Too Quick for Fritz.  
“Our barrage was just lifting. A Fritz officer afterwards said: ‘I knew you were   Australians; you come in with your barrage; you are too quick for us.’ Yes, we went in with the barrage, instead of a few moments after it— and without a casualty!

“The details of this, my first hop-over, my baptism of fire, are indelibly printed on my memory. I shall always remember the impressions made on me, down to the most trivial incident of the hop-over. Thinking over it afterwards, I have tried to reason out why we got in with our barrage. It’s a good fault, for it prevents the Germans from getting ready for us when the barrage lifts. The Germans reckon that the Australians are always too quick for them that way. I certainly believe that a spirit of ‘don’t-care-a-damn’ was abroad; or, maybe, it was hereditary bloodthirstiness that came out in the excitement, and made us, for the time being, all ‘hogs for stoush.’ I think only the fear that we would be killed by our own curtain of fire kept us from actually running. It wasn’t the rum, anyhow, as the slanderous have asserted. The rum, I found out afterwards, was our first casualty, being broken in the coming up, so that the only rum issued was half a demi-john to a small section of trench that I happened to be in. The jar was found by a chap taking German prisoners back half an hour later, still   nearly half full.

“Just by the way, I might mention that he gave this batch of Fritzes a nip each, and filled his own waterbottle before giving the remainder to the Victorians (the men holding the old front trench), and bustling his herd back to Chalk Pit. The poor beggars wanted it!   They were almost in a state of collapse from our bombardment. I was to experience the same sort of bombardment very soon after.

Delighted to be Prisoners.
“To get back to it: The Fritzes that remained in the trench to meet us were still down their dugouts when the first men hopped in. The trench was big, wide, and deep. They came up crying, ‘Mercy, kamerad,’ whining and cowering in the bottom of the trench in a way that made me feel very brave; and, I have no doubt, the same feelings were experienced by others. They were shooed off at once in batches of ten or a dozen, as they were found, back to — somewhere. They were delighted to find that they were to be prisoners, pointing back to our lines and saying, ‘Mercy, kamerad,’ and ‘Kamerad good,’ etc. But they didn’t care about going over the top to go back. I helped one chap persuade his lot to go. I don’t think I actually stuck it into them, but they went! Like a mob of sheep, once started on their feet, they raced over the top and across No Man’s land for their very lives, the escort a good last, laughing fit to burst, at their scurry.

“Finlayson was separated from us in the hop-over, and entered the trench some distance on our right. Lord and I were together. Our bombardment continued on the enemy reserves, and Fritz had commenced ‘putting them into us.’ The row was deafening, and we were having casualties; not very many, but every now and then the order would be passed along for stretcher bearers. Just as I stepped down for a smoke (it would be about midnight) Fin. came along the trench looking for us. After yarning for a minute or two he went back to fetch his web gear and rifle, etc., up to our ‘possy.’ He and I had been mates for a long while, back in Kiama, and together with Lord, had run our affairs on an ‘all in and share alike’ basis, since going into the line. He had only been gone about ten minutes when another mate named Moss Paine came to tell me that Fin. was killed. I went back along the trench with Moss, but Fin. had been hit in the chest with a piece of shell that exploded in the trench, and had dropped without a word. Another good chap, Dave Whittingham (a tent mate at Duntroon), was hit everywhere, and died in half an hour. Moss Paine, who was standing between them— the three were talking together—was not touched. Needless to say, I was much upset. “The little bit of a trench we took has ‘opened up the game’ on this front, seemingly. It was on a rise that obstructed our observation of enemy lines; now the tables are turned.”’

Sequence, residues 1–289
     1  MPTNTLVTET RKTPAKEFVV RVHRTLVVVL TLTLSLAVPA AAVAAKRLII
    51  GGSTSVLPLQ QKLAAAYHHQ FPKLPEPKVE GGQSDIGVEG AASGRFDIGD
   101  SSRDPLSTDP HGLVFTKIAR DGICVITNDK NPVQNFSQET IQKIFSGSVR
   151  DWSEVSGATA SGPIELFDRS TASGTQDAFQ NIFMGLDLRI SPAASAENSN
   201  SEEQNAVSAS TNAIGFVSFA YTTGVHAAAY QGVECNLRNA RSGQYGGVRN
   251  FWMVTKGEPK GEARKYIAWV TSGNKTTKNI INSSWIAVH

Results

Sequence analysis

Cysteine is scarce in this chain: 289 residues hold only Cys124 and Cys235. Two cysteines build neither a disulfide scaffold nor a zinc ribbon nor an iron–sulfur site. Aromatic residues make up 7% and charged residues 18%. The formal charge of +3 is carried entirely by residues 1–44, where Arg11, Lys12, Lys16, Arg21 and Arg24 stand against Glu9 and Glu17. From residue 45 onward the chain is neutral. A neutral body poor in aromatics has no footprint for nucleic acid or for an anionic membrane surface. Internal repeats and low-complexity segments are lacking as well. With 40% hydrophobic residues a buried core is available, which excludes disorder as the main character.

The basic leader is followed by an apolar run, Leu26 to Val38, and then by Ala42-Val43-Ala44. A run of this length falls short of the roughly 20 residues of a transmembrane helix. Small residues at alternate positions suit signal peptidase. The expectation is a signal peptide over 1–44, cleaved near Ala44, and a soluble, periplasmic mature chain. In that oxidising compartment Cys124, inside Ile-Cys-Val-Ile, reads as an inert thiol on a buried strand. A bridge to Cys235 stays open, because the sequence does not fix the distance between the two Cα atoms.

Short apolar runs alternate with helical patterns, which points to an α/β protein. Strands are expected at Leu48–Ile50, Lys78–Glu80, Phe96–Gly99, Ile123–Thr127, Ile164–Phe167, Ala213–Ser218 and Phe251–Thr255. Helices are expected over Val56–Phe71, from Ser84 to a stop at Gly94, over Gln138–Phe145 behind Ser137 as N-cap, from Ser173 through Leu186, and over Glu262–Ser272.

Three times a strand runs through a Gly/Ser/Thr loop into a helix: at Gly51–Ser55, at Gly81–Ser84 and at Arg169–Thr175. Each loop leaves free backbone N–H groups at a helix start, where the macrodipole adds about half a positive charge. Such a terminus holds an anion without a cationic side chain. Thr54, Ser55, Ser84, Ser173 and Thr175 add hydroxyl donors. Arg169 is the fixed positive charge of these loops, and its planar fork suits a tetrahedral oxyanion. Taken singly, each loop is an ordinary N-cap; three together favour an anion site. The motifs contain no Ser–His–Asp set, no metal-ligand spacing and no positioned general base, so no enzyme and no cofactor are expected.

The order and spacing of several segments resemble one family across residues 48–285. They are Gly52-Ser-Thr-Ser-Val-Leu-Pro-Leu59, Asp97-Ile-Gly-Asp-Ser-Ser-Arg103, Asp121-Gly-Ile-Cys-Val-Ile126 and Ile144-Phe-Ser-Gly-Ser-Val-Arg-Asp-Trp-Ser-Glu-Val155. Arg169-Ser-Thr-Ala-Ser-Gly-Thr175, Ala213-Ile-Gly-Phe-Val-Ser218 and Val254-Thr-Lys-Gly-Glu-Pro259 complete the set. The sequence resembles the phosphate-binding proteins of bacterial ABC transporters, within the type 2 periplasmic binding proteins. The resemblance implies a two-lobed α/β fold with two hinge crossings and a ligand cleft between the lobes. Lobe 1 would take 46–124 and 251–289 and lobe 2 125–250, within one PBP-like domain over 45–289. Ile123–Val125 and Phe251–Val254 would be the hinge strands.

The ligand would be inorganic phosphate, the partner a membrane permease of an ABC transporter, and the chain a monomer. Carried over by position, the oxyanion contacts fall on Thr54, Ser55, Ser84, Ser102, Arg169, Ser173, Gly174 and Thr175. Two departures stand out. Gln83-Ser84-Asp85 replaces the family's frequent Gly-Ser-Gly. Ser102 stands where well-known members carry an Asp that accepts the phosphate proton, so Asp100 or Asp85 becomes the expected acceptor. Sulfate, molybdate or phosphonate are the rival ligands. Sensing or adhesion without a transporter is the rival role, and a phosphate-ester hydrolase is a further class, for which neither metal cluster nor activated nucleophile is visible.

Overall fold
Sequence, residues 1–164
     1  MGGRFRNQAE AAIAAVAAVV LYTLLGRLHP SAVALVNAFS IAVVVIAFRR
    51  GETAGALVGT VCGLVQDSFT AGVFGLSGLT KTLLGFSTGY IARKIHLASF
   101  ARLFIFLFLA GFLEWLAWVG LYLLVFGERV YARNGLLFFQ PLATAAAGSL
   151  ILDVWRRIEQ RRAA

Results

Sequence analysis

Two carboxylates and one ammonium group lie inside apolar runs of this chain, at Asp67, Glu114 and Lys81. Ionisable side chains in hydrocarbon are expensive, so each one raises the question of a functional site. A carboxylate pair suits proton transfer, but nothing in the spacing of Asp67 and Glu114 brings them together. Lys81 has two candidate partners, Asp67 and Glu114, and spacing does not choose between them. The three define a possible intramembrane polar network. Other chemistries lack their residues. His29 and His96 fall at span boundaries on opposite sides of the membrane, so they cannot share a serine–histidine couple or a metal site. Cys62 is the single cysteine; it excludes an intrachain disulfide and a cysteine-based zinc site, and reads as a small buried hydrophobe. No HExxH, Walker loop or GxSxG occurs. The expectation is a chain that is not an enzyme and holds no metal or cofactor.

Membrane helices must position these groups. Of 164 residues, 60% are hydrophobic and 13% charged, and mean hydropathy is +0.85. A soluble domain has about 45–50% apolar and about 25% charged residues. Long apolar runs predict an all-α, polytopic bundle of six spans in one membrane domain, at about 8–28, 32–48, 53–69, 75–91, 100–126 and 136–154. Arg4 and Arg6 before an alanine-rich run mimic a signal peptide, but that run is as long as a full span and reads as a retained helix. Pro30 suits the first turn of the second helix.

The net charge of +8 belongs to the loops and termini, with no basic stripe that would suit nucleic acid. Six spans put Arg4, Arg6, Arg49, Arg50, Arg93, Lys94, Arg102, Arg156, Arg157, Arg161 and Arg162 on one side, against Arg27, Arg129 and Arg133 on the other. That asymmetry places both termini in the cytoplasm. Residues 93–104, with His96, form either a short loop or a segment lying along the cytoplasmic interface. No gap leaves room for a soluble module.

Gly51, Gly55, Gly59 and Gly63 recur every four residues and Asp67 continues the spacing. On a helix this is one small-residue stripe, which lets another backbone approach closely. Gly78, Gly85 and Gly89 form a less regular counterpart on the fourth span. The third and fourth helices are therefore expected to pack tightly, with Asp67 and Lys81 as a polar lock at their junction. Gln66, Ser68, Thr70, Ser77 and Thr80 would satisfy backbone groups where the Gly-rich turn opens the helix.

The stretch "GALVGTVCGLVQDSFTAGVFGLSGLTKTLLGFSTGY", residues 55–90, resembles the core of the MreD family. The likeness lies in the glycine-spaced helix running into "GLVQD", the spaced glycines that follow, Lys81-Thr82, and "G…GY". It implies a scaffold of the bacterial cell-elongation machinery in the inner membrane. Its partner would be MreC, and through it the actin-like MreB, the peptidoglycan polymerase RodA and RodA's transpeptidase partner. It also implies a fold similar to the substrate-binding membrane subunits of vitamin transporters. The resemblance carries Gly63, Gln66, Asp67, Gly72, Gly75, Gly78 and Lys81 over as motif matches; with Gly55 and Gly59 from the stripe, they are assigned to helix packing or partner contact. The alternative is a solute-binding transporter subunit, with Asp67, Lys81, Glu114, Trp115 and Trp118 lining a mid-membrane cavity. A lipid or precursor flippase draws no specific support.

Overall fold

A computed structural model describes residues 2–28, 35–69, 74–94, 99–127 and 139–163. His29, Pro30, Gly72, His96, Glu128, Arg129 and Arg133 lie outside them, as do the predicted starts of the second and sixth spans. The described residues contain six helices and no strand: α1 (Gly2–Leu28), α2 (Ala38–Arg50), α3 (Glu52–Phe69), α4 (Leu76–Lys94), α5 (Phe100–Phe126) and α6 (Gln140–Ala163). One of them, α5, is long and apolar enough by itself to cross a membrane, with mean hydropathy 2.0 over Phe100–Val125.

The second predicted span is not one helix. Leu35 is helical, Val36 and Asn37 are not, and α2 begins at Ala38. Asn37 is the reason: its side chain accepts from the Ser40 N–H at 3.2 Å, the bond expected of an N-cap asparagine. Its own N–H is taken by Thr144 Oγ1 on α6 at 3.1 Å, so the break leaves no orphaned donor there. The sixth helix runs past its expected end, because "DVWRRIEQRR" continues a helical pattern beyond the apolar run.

Click here to view the article on Trove: http://nla.gov.au/nla.news-article116642518

Note: Stanley E. Stephens was The Farmer and Settler newspaper’s official reporter on the Coo-ee March. He also joined the Coo-ees at Gilgandra as a recruit, and had the rank of sergeant on the march. Francis Charles Finlayson (whose death is reported in this article) joined the Coo-ees at Parramatta.

Fox mascot presented to the Coo-ees at Evans Plains

With the Coo-ees at Evans Plains (Daily Telegraph 30/10/1915)

With the Coo-ees at Evans Plains (Daily Telegraph 30/10/1915)

I have often wondered how the Coo-ees ended up with a fox cub as a mascot on the Coo-ee March. This is described in the following article, along with the ‘patriotic songs’ sung by the school children at Evan’s Plains. School children often took part in welcoming and entertaining the Coo-ees at each town and village visited on the march. It is interesting to note that the Coo-ees were expecting to reinforce the Australian men fighting at Gallipoli when they signed up on the Coo-ee March, not the Western Front.